Handwritten :: Vowels
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Vowels.


These are fairly similar and as you already know about mukta, I have ommitted it.

ਕਾ

The reason for a kannaa to go only half way down from the bar to the bottom is so that it is unlikely that you would confuse a ਰਾ with a ਗ.

However, that is not an issue here because we don't use the bar and ਗ () is joined anyway so it can't be confused.

With this in mind, there is no reason why you need to be careful about it only going half way down so, if you want, you can write it so that it goes all of the way down.


ਕਿ

The sihari is a lot taller than when writing it Gurbani-style. This just makes it easier to read so that you don't confuse it with a tippee (ਗੰ for instance).

When you are writing it with eerdee, ਇ, you can use the end of it to make the line in the errdee so that effectively you are writing a taenka and using the sihari to make it into an eerdee-sihari.

Note that you don't need to bother to draw the horizontal bar. It is not needed here.


ਕੀ

The bihari is pretty much the same are the sihari above.

It is a lot taller than when writing it Gurbani-style, making it easier to read so that you don't confuse it with a tippee kanna (ਗੰ ਰਾੰ for instance (which is why you have a bindi over the kanna instead of a tippee when there is room enough for a tippee - this writing system is very well designed when you start looking into how it has been put together)).

Again, when you are writing it with eerdee, ਇ, you can use the end of it to make the line in the errdee so that effectively you are writing a taenka and using the bihari to make it into an eerdee-bihari.

And, you don't need to bother to draw the horizontal bar because it is not needed here.


ਕੁ

Oordaa Aunkard is simplified to the point of there being the middle of the '3' missed out and the pen not lifted between finishing the oordaa and starting the aunkard.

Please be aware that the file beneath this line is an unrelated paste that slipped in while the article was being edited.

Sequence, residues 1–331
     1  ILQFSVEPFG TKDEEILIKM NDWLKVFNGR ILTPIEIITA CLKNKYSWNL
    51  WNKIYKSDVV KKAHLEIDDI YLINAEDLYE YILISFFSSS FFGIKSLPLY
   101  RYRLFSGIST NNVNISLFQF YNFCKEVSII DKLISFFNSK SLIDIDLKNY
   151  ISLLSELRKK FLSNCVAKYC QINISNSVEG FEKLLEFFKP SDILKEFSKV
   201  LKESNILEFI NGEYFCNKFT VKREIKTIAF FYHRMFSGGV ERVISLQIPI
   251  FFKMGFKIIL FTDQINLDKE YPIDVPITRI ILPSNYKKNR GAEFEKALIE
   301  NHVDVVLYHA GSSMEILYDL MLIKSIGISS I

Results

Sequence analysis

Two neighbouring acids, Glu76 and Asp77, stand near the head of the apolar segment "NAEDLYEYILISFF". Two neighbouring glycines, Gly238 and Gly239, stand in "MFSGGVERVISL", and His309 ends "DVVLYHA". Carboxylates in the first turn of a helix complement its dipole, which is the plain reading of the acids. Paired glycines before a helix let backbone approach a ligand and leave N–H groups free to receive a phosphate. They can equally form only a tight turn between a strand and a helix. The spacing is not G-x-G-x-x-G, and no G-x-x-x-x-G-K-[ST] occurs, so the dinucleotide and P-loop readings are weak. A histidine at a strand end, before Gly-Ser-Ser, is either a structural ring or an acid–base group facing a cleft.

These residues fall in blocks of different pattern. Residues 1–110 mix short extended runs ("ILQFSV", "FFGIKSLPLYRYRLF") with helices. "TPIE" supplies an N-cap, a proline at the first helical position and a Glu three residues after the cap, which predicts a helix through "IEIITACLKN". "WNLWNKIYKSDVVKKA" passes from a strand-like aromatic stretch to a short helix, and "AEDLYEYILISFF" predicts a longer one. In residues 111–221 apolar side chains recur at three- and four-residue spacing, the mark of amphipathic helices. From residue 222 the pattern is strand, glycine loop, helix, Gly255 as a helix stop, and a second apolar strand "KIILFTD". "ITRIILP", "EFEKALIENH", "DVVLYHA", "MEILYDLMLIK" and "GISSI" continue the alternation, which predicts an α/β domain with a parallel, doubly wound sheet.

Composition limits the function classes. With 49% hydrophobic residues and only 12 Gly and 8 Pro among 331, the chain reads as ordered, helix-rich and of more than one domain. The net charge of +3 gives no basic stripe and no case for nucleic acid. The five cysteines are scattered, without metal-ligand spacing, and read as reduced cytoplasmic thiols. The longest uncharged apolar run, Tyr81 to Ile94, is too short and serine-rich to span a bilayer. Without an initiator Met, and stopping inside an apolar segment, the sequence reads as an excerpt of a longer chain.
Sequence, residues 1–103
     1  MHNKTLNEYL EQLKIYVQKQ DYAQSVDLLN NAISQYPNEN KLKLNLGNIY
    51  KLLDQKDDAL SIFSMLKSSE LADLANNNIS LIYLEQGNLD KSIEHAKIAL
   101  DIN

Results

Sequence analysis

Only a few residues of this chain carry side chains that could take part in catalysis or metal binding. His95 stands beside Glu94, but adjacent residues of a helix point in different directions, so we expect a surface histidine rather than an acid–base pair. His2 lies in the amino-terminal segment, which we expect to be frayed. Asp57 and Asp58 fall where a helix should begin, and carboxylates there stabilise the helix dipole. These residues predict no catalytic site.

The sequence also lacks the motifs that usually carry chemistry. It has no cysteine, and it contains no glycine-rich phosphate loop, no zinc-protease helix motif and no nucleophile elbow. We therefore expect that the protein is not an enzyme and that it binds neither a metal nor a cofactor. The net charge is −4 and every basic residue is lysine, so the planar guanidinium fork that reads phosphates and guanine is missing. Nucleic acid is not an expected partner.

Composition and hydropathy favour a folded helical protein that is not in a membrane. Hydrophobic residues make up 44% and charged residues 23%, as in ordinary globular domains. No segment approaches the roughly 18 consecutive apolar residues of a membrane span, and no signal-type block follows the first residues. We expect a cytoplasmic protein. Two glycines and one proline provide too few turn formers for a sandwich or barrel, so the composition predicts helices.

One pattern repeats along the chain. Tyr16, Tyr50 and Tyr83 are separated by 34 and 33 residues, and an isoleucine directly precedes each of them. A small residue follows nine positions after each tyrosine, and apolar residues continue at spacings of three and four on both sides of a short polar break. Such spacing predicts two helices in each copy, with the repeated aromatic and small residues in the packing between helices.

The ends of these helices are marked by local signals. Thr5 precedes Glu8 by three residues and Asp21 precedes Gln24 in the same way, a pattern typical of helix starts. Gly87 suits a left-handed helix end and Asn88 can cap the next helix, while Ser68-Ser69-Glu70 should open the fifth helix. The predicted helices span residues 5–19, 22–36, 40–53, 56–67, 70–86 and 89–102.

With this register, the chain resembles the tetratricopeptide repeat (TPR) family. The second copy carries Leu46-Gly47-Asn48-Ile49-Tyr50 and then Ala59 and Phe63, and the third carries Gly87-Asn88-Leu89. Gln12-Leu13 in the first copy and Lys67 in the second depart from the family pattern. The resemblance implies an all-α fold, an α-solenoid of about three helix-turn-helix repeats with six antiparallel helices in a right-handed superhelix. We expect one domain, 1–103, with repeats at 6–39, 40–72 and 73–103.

When writing the aunkard with another letter, it is just a simple, straight dash - it doesn't even have to be particularly horizontal.


ਕੂ

Oordaa Dulaenkarday, again, is simplified to the point of there being the middle of the '3' missed out and the pen not lifted between finishing the oordaa and starting the dulaenkarday.

When writing the aunkard with another letter, it is just a simple, double straight dash with the pen barely leaving the paper between the dashes

Again, they don't have to be particularly horizontal as there is nothing to confuse them with.


ਕੇ

Forget angled lines, this is all about speed and recognition.

Just use a simple, vertical line.

It doesn't even have to be particularly short - it can be as high as the sihari and bihari.

Being vertical, you are saving on horizontal space as well.


ਕੈ

Like the laanv above, dulaavaan is just vertical lines.

Unlike the Gurbani-style dulaavaan, these don't meet where they touch the letter.

Writing them like this is very easy to get used to and if you have Punjabi lessons, you will probably have wondered why your teacher writes them like this. Now you know.


ਕੋ

The oordaa form of hordaa is even quicker to write.

You don't have to make the end of it meet anything in particular so you can just write it freely.

Horda, on the other hand is a little more exagerated in its curves.

Make it almost loop, as though you were writing an elongated 's'.

Doing this makes it completely unambiguous and quite easy to read.


ਕੌ

Like the Hordaa above, loop the Kanaurdaa.

Once you have the Hordaa part of it, you can either loop back to make the extra line or you can just draw in a short line.

Kanaurdaa doesn't appear anything like as much as the other vowels so taking a little bit of extra time to write it isn't going to impact that greatly upon your writing speed.

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